Oh, so quiet…

…because this winter there was some pretty hefty, serious reevaluating going on around here. Ultimately, it results in a shift from this space into a new one, and I think you’ll like it. I’ll keep this home open for Spun Monkey-specific news, but I became less and less sure that this is the space I want to live and grow in. I’ll never stop loving fiber arts. It’s a huge part of me and is more than just a way to stop fidgeting; it’s a spiritual practice. I resolve to remain true to the main idea of my Kickstarter campaign from years ago, and continue to teach here and there throughout the year. I will offer special pieces for sale, on occasion, on a new site (goodbye Etsy). But, trying to make it into a reliable source of income made me a thousand kinds of unhappy, and there is no One Reason why. It’s just the way it is. Also, I don’t think it’s why many of you are here, anyway.

filtering

I’m hoping you want more goat pictures, and more about managing a subsistence garden and livestock while we juggle jobs outside the home, and how we create space and time for whole foods and body/soul nourishment with limited resources and a construction zone for a kitchen. Sometimes, it’s not pretty. In the new space, guests will come talk about their not-pretty realness, too. Sometimes, it is pretty, and we’ll talk about that, too.

Knitting and spinning will not disappear. It’s part of who I am. It’s also part of my day job, and somehow, I can still come home at the end of the day and let it take me relaxed places.

lightwavesblog

The new space isn’t open yet, and I’ll surely point you in that direction sometime in the next couple of weeks. I’ll continue to post here until then, and will be archiving and organizing pages for recipes, tutorials, and garden posts for reference.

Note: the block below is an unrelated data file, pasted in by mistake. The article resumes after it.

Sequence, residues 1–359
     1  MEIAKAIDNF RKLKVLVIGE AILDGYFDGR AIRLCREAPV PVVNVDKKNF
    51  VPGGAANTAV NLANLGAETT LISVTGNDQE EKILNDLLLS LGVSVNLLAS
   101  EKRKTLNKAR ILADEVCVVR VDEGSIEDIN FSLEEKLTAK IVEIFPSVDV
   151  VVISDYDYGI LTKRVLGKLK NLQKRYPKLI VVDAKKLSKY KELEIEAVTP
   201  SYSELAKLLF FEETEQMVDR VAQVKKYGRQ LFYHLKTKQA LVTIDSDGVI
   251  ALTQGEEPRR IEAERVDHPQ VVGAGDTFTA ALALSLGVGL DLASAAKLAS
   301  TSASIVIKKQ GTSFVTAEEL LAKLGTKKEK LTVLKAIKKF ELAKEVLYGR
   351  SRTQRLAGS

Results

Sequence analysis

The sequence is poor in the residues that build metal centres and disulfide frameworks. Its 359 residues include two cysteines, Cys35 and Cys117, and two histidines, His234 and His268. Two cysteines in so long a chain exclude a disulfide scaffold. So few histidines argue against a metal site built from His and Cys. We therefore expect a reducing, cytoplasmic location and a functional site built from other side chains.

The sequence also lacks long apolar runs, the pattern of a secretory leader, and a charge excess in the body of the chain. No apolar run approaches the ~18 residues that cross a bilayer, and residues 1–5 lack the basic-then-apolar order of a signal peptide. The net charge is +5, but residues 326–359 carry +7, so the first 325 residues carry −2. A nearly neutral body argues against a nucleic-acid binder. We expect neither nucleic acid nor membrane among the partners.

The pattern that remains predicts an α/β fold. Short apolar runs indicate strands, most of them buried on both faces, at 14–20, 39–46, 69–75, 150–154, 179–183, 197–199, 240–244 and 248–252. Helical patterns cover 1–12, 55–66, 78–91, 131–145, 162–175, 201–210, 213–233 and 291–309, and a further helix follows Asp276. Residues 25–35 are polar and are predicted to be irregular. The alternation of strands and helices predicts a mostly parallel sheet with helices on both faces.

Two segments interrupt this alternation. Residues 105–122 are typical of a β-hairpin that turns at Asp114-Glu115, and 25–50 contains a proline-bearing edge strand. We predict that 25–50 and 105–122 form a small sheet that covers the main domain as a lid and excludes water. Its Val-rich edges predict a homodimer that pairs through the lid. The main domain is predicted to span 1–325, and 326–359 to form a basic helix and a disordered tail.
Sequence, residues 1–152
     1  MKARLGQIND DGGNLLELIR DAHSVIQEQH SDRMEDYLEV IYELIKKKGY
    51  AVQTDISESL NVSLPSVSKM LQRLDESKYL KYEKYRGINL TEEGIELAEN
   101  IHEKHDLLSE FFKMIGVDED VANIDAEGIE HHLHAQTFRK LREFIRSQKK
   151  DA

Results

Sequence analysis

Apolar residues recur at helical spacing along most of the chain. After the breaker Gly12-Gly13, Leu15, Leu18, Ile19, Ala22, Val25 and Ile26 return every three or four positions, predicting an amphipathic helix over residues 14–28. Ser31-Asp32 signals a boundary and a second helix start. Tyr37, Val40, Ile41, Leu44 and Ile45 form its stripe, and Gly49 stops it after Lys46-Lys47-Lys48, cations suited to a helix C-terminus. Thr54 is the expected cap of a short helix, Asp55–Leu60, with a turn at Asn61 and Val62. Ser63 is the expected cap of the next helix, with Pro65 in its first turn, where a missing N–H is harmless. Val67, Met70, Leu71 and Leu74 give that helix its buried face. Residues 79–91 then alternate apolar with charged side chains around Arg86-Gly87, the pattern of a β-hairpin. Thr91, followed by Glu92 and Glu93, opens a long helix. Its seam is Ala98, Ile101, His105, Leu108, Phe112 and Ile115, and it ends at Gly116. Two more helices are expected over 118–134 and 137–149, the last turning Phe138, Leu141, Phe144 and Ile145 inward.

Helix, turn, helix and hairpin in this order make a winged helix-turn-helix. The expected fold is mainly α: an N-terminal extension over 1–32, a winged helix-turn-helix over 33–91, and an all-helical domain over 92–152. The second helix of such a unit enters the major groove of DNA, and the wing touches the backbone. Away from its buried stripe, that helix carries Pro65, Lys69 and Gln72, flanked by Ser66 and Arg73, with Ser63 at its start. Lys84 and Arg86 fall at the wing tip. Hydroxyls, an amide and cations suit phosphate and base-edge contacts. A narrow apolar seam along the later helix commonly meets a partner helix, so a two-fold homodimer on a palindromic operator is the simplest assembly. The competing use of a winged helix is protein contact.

I’m hoping that, by the time it goes live, you’ll be seeing a picture of this thing with an actual sink in the hole:

futuresink

In garden news, we’ve rearranged our sort-of kitchen so we could start some seeds. Last year, we started too early and many of our plants got too leggy before it was warm enough to put them out. It’s hard to tell what-all will happen this time around, so we’re hoping setting it back about two weeks will make for happier transplants. Until we can re-build our collapsed greenhouse, we aren’t starting our own tomatoes anymore. This leaves us brassicas and flowers, mostly, that we need to start early. Squash, corn, legumes – those will all be direct seeded asap, and onion sets will be ordered.

startingseeds

Are you getting started early? What’s happening in your garden?

And March, it came in…

…with bird song, duck eggs (for the first time in months), and tiny, glittering snowflakes. I didn’t even mind that last bit, because they were backlit by a rising sun.

I’ll be honest; I was starting to feel a bit like this knitting project:

brokenneedleblog

Tired. Broken. And with only the potential to be a warm thing.

It’s still not warm, by any stretch, but there’s something about the way the word March sounds coming out of my mouth, and the way it feels like hope. It stokes an inner fire I thought I’d let go out.

duckeggs